The Old Fish of the Sea

The Old Fish of the Sea

Josie Glausiusz

MARINE BIOLOGIST Mark Erdmann was strolling through a market in the city of Manado on the Indonesian island of Sulawesi when he was brought up short by a fish. In a cart being wheeled past him was a homely coelacanth, one of the most famous, yet most elusive, fish on the planet. Sporting fleshy, limblike fins, it originated 400 million years ago from the same stock of fish that gave rise to the ancestors of land-dwelling vertebrates called tetrapods. Among living animals, only lungfish are closer kin to tetrapods. But until just 60 years ago, no one knew that coelacanths were among the living–they were thought to have been extinct for some 80 million years. Then in 1938 fishermen hauled in a live specimen off the coast of Cape Town. Since then the fish have been found in a few other patches of the ocean near Madagascar, Mozambique, and the Comoro Islands. On the whole, biologists viewed these populations as tiny remnants of a once-great dynasty.

Thus, to see a coelacanth 6,200 miles away from its known habitat was decidedly odd. Unfortunately Erdmann was unable to buy and study the fish in the cart–he was on his honeymoon at the time–but he was so intrigued that he spent ten months interviewing local fishermen in search of another specimen. (Along the way he learned that on Sulawesi the fish is called raja laut, meaning “king of the sea.”) His persistence was rewarded this past July when a four-foot, 64-pound coelacanth (shown here) was caught in a deep-set shark gill net placed off the volcanic island of Manado Tua.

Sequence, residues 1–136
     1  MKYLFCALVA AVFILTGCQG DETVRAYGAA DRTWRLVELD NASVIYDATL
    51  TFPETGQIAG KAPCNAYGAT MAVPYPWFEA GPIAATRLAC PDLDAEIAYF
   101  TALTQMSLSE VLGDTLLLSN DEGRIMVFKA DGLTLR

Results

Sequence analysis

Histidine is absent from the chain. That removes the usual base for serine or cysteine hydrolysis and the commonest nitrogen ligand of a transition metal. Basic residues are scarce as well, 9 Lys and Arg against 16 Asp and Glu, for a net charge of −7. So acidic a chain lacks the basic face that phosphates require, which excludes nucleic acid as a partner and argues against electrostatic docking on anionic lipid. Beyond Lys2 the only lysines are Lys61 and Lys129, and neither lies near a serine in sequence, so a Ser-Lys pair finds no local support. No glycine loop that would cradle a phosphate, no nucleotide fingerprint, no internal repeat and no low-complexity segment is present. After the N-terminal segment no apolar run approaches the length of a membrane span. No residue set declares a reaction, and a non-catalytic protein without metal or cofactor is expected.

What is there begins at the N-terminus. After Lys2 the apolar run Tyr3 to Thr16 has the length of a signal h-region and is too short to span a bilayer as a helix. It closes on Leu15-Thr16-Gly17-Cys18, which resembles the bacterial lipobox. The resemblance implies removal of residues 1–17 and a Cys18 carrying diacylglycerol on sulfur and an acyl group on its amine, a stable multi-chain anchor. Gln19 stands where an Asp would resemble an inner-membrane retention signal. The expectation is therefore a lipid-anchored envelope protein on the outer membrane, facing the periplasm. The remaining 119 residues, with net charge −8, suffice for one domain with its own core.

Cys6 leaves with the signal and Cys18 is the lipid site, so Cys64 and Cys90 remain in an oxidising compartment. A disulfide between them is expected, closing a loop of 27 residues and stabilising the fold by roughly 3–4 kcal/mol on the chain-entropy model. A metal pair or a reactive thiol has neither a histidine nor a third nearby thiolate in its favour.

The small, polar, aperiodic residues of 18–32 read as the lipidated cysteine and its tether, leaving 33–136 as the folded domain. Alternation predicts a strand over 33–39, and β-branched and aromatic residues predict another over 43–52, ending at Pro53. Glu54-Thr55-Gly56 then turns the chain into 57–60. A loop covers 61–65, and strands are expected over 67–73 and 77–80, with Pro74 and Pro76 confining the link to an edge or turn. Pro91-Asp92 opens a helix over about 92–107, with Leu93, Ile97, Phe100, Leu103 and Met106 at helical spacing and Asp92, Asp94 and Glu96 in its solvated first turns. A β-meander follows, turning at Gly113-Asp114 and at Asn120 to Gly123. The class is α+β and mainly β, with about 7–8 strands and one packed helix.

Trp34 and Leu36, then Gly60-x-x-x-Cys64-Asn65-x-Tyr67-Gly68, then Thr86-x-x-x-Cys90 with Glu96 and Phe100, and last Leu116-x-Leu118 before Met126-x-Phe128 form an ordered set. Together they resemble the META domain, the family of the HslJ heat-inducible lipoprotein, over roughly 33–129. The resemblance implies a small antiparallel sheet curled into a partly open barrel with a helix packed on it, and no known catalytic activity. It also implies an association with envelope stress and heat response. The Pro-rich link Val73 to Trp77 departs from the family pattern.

“It’s a very important discovery,” says Roy Caldwell, Erdmann’s postdoctoral sponsor at the University of California at Berkeley, “because coelacanths are in serious trouble in the Comoros–the population has probably halved in the last ten years. People there fish for oilfish and catch coelacanths as a by-product.”

Erdmann froze the Indonesian coelacanth shortly after its death, and a genetic analysis of its tissues is now under way to compare it with the African populations to see if it’s a separate species or not. “If they are related,” says Caldwell, “I’d bet Indonesia is the source population.” An ocean current flows from the Philippines past the Sulawesi Sea, through the Makassar Strait, and into the Indian Ocean, where it travels westward, to the Comoros.

COPYRIGHT 1999 Discover

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